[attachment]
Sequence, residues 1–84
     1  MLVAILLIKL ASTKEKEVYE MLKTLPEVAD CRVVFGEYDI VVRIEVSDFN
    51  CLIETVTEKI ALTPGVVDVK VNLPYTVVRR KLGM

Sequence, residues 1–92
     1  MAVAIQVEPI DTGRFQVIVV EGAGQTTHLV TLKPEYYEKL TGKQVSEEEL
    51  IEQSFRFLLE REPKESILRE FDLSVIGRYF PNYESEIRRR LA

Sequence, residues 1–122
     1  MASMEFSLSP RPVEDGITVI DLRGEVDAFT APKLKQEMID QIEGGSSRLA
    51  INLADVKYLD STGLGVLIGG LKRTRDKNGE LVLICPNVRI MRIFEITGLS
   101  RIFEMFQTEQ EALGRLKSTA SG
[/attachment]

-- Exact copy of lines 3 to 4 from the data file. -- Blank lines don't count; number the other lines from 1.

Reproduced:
    51  CLIETVTEKI ALTPGVVDVK VNLPYTVVRR KLGM

Sequence, residues 1–92